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Walser M, Hill S

Effect of ketoconazole plus low-dose prednisone on progression of chronic renal failure

Am J Kidney Dis (Apr) 29:503-513 1997

Ketoconazole was given to patients with progressive chronic renal failure to determine the effect of inhibiting endogenous cortisol production. This study was performed because a previous analysis suggested a relationship between the rate of progression and the rate of 17-hydroxy-corticosteroid excretion. Ketoconazole was given to 20 patients with chronic renal failure due to glomerular disease, interstitial nephritis, diabetes or polycystic kidney disease in a daily dose of 200-600 to suppress cortisol production along with prednisone 2.5 mg/d to prevent corticotropin-mediated pituitary escape. Several protocols were employed but all included comparison of the rate of progression determined by serial GFR determinations (urinary clearance of 99mTC-DTPA) during one or more control periods with the rate during one or more ketoconazole treatment periods. In seven patients with chronic glomerular disease the rate of progression was a loss of 0.62 mL/min/month. Ketoconazole decreased this rate by 66%. In five patients with interstitial nephritis the rate was decreased from -1.19 mL/min/month by 55%. In five diabetics the rate decreased from -1.22 mL/min/month by 77%. However, in four patients with PCKD the rate of progression increased from -0.67 mL/min/month by 99%. Four additional patients were withdrawn from the study because of hepatotoxicity or side effects of nausea and vomiting.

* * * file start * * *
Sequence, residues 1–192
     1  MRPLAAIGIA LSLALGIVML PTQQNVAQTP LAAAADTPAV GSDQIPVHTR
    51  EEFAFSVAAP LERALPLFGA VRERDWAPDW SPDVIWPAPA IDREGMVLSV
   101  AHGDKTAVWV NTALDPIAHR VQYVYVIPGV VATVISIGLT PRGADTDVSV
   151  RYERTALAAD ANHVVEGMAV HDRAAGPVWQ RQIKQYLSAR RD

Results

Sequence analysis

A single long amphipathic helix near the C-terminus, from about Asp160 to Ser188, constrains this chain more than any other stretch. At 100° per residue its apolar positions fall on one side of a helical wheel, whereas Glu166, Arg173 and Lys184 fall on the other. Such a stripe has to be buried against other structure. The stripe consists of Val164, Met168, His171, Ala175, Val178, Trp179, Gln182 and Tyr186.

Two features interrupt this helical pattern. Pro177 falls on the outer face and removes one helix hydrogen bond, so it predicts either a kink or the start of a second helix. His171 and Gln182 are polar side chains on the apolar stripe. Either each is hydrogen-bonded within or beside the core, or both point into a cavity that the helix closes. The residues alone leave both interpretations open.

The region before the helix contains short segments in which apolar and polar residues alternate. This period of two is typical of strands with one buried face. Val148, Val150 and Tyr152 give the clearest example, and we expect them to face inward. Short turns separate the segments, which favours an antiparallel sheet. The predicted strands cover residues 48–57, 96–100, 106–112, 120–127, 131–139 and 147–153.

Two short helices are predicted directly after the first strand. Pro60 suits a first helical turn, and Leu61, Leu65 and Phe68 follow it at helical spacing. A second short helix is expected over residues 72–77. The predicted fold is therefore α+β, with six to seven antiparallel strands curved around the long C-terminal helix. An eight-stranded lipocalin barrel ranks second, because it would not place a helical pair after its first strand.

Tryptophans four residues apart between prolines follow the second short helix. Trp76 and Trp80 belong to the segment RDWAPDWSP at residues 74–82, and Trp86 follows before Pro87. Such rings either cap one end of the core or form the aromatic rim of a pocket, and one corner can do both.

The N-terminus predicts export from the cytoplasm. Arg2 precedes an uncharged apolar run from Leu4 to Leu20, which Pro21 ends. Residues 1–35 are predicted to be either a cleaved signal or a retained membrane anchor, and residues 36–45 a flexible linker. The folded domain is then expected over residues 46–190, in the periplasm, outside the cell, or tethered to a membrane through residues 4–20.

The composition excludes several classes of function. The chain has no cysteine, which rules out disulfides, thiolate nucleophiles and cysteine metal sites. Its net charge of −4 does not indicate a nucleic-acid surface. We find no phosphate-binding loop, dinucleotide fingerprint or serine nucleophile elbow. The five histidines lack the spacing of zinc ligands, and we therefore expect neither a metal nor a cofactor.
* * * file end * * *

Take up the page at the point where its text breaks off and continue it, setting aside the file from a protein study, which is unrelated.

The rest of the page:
Comment: These are provocative findings. Too small a number of subjects was studied for ketoconazole to be recommended for routine use in patients with chronic renal failure. In addition it must be ascertained whether patients with certain diseases or characteristics, such as those with polycystic kidneys, are merely not benefited by ketoconazole or are actually harmed. This study provides adequate justification for undertaking a more extensive randomized prospective trial of the use of ketoconazole to prevent progression of chronic renal disease.

The mechanism of this effect is not known. Although ketoconazole inhibits cortisol production by inhibiting cytochrome P-450, it is a "dirty" drug in that it has numerous other effects. Walser notes that ketoconazole also inhibits thromboxane production and nitric oxide synthase. Ketoconazole and other cytochrome p-450 inhibitors prevent experimental acute renal injury by preventing degradation of cytochrome p-450 and subsequent release of iron capable of catalyzing oxygen radical formation (Proc Natl Acad Sci USA 91:7002, 1994). Ketoconazole also interferes with the metabolism of a number of drugs, including cyclosporine. This effect has been utilized to reduce the required dose of cyclosporine which is costly (N Engl J Med 333:628, 1995; Am J Nephrol 15:493, 1995). Ketoconazole in a dose of 100-200 mg/d was generally well-tolerated in patients with cardiac or renal transplants.

Currently, there are only a few interventions that have been demonstrated to slow the progression of chronic renal disease. These therapies include dietary protein restriction, blood pressure reduction, angiotensin antagonists, and some calcium channel blockers. For diabetes, controlling blood sugar is also effective. A much larger number of interventions have strong experimental support but have not been subjected to clinical trials. These interventions include antioxidants, sodium bicarbonate, heparin, cholesterol reduction, phosphate restriction, and inhibiting mediators of fibrogenesis (such as TGF-b). This clinical trial is a welcome addition to the nephrology literature. (Mark S. Paller, M.D., University of Minnesota, Minneapolis)

The abstract of this paper is available from the AJKD online at this site.